Listeners failed to spot male voices
There is no biological basis for the widespread belief that choir boys and girls have different types of singing voice, says a new academic study. Any difference is due to training.
There has been a long-running and sometimes heated debate about the relative worth of boys' and girls' voices. Even now some cathedral organists insist that girls' voices cannot be made to match those of their brothers. The girls are accused of sounding weak or "breathy" while the best boys' choirs are associated with a strength and clarity of sound.
Yet according to the latest research, teams of musical experts - including choral directors of Anglican cathedrals - were unable to tell the difference between boys' and girls' singing, choosing the wrong sex time after time.
The study was conducted by Professor Graham Welch from the Roehampton Institute in London. He assembled a panel of 10 choral experts and asked them to listen to recordings of 15 choirs of different types, each singing the first verse of the carol This is the Truth Sent from Above.
The results were striking. "Listeners were not able to identify the correct gender categories of the choirs at above chance level," writes Professor Welch in the latest edition of Choir Schools Today magazine. "None of the three individual choir categories, boys, girls, or mixed, was reliably identified.
"Further analysis showed that the sex of the regular choir trainer was significantly related to its perceived sex (irrespective of its true sex). Where a choir's trainer was male, listeners tended to judge the choir to comprise boys only. Conversely, when the trainer was female, the choir tended to be heard as having girl membership."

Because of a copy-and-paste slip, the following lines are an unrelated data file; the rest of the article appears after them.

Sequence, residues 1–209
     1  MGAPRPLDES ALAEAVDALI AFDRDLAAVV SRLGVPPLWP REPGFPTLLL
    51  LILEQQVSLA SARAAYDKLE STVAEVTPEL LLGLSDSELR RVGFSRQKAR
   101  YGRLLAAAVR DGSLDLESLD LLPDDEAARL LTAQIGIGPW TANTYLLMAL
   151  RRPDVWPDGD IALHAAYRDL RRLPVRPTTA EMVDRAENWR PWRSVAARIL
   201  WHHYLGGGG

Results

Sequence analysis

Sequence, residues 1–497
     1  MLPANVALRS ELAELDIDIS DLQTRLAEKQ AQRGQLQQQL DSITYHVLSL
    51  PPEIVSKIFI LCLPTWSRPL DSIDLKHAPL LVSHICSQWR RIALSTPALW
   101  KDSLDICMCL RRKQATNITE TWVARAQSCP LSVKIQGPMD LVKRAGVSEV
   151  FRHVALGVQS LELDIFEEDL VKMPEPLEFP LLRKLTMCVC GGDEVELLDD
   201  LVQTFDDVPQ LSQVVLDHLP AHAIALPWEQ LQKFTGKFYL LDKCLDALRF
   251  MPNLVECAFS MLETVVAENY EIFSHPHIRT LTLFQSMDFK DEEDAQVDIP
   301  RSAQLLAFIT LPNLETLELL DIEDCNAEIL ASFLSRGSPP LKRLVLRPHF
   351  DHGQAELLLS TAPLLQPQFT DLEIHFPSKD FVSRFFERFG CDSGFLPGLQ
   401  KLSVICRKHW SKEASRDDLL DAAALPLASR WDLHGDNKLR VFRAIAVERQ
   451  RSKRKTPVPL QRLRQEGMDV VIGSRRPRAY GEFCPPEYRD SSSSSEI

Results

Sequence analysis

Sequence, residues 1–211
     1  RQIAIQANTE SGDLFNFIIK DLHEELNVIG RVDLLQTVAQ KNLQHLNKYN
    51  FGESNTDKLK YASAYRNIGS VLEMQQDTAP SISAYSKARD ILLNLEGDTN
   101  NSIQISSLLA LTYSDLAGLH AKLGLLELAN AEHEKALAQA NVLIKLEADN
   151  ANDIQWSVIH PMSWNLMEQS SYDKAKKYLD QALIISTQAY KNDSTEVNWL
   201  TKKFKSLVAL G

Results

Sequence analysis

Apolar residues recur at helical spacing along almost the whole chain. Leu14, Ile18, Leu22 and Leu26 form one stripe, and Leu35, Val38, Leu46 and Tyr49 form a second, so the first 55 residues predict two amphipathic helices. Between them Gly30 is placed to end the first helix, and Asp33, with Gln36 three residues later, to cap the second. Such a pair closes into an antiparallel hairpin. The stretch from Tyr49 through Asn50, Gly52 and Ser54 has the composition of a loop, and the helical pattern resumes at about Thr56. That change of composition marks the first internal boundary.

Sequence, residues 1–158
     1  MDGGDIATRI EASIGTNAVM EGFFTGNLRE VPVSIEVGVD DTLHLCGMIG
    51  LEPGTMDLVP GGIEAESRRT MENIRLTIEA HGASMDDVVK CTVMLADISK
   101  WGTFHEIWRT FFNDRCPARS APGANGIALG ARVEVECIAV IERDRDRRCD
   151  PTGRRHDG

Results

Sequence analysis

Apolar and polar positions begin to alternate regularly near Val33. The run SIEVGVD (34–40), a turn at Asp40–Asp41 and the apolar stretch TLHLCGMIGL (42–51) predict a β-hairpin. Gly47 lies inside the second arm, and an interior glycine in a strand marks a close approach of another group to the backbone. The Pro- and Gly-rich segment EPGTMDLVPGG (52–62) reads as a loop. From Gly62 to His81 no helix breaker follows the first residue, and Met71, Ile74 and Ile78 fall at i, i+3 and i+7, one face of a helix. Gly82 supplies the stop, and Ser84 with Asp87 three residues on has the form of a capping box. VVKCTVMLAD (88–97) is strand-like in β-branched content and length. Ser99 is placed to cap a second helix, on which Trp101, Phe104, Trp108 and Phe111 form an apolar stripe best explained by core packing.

It is only in recent years that girls have been admitted to some of the more prestigious cathedral choirs. They now sing alongside boys in Salisbury (the first to take girls), Exeter, Wells, York and Ripon. York and Ripon started to take girls in the autumn of last year. Other cathedrals, Lincoln and Worcester, for example, run separate girls' choirs.
"Since the mid-nineteenth century, the mixed voices of boys and girls have been the mainstay of the choirs of all but the larger parish churches, but it is only very recently that the admission of girls to the choirs of our cathedrals has been even considered a possibility," writes Professor Welch.
The advent of female singers has been accompanied by concern that the Anglican choral tradition may be damaged as choirs look for music to suit mixed voices. This fear, he says, is misplaced.
"We find no evidence in these results that the introduction of girls into cathedral choirs will necessarily have any effect on the choral tone that is produced, nor that the much valued Anglican choral tradition will be changed.
"We may ask why, if tone that is perceived as male-like may be equally well created by a girls-only choir, male trainers should be more likely to encourage "masculine" tone than are women trainers.
"The answers must be sociological ones, in that there are more male trainers of girls-only choirs than there are women trainers of boys-only choirs, and secondly that the choral musical experience of the male trainers who were working with our girls-only and mixed choirs happened to be closely associated with the Anglican choral tradition."
While the experts were unable to tell if a choir was male or female, there was some consensus about the different types of sound produced. Some choirs, that is, sounded "male" to the audience even if the choir was made up of girls.
"A clear and statisically significant linear trend was found for increased accuracy identifying boy singers with increasing age," writes Professor Welch. "The younger the male singer the greater the likelihood of his being mistaken as a girl; conversely the older the singer the greater the chance of his being correctly identifed as male." The younger the girls and boys, the smaller the biological differences between them, and the greater the similarity in sound.